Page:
The Orioles and right-hander Jason Hammel have agreed on a one-year, $6.75 million deal to avoid arbitration, reports Dan Connolly of the Baltimore Sun. The deal includes $300,000 in possible incentives.
Hammel requested $8.25 million and was offered $5.7 million by the Orioles when arbitration figures were exchanged last month, so the two sides settled a little under the midpoint of $6.975 million, but he could make out ahead if he reaches the incentives. Either way, it’s a nice raise for the 30-year-old, who earned $4.75 million last season while posting a solid 3.43 ERA and 113/43 K/BB ratio over 118 innings. This was his final go-around in arbitration, so he is due to hit free agency next winter.
Now that the Orioles have deals in place with Hammel and Jim Johnson, that leaves reliever Darren O’Day as the lone member of the Orioles at risk of going to an arbitration hearing. It probably won’t be necessary, though, as MASN’s Roch Kubatko reported earlier tonight that it looks like something will get done.
Rangers reliever Jake Diekman will have surgery on January 25 to help alleviate ulcerative colitis, an inflammatory bowel disease. As a result, the lefty will miss at least half of the 2017 regular season, Jeff Wilson of the Fort Worth Star-Telegram reports. Diekman was diagnosed with the illness when he was 11 years old. He has brought awareness to the Crohn’s and Colitis Foundation of America with a “Gut It Out” campaign.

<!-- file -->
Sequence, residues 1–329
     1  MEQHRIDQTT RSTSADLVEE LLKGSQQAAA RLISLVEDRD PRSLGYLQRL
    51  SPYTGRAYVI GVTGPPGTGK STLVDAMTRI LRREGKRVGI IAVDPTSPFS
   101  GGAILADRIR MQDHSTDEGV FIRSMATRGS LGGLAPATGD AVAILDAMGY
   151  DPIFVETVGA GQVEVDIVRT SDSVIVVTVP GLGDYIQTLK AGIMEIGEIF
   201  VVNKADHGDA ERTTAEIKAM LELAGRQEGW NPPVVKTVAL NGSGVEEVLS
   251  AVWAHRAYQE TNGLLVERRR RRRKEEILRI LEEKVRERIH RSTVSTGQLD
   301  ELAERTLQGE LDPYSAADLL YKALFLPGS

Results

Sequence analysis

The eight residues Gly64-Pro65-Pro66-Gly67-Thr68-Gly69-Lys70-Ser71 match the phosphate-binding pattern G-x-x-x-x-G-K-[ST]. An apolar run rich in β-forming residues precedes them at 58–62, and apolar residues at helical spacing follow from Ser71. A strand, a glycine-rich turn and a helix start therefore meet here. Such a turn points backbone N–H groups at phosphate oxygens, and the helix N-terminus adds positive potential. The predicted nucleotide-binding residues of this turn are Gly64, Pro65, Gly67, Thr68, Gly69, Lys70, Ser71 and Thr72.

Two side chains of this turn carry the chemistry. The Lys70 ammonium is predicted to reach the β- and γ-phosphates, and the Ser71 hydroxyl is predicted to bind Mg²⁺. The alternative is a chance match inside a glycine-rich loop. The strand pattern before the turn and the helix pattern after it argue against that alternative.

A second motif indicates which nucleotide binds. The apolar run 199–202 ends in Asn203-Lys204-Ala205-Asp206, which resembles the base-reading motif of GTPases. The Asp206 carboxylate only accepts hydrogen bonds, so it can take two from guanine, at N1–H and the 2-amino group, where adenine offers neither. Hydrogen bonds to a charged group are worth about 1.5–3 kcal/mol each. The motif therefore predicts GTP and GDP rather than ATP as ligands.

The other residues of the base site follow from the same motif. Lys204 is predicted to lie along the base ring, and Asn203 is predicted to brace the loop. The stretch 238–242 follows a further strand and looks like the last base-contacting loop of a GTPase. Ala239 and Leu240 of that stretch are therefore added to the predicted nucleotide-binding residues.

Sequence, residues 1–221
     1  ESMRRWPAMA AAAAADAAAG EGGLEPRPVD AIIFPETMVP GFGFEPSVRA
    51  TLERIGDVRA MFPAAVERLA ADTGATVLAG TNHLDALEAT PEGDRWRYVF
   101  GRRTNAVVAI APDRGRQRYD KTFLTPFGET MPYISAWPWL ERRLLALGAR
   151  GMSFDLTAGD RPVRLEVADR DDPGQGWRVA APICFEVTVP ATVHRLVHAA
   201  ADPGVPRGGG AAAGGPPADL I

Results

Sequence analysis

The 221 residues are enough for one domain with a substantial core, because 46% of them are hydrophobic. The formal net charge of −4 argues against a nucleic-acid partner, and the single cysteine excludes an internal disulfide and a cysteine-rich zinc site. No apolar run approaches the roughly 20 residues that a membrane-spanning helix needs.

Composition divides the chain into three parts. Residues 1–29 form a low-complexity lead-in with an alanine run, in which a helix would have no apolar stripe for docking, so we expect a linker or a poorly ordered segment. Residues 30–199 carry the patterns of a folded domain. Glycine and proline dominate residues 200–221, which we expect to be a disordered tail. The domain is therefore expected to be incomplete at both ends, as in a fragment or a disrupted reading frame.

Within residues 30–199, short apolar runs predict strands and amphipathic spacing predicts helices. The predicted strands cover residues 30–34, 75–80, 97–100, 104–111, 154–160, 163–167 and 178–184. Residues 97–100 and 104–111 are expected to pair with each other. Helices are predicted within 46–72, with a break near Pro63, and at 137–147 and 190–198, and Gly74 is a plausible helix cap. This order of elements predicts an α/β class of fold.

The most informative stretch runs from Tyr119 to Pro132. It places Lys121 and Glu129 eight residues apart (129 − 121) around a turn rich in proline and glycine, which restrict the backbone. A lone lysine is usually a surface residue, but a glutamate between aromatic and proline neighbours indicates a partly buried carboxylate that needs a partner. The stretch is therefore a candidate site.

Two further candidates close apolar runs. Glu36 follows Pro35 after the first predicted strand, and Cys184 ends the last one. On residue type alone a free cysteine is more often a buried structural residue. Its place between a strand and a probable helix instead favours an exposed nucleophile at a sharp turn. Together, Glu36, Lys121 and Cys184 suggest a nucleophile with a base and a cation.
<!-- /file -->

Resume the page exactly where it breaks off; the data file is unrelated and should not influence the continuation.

Diekman, who turns 30 years old on Saturday, finished the 2016 campaign with a 3.40 ERA and a 59/26 K/BB ratio in 53 innings. He came to the Rangers from the Phillies in the Cole Hamels trade on July 31, 2015.
The Rangers and Diekman avoided arbitration last Friday, agreeing to a $2.55 million salary for the 2017 season.
It’s been on the verge of happening for a few days now, but now it’s official: the Toronto Blue Jays and Jose Bautista have reached a one-year deal with a mutual option. The deal is pending physical. An announcement making the deal official is expected later in week.
The exact financial figures have not been disclosed, but Jon Heyman reports that it will be in excess of the $17.2 million Bautista turned down when he turned down the Jays’ qualifying offer.
Bautista had a tough 2016, hitting .234/.366/.452 with 22 home runs and 69 RBI, and some clubs likely considered a long-term deal for the 36-year-old too risky, this leading to the relative lack of reported interest in Bautista by other clubs. But back-to-back ALCS appearances by the Jays and the success and popularity Bautista has experienced in Toronto make his re-signing there a pretty sensible move for all involved.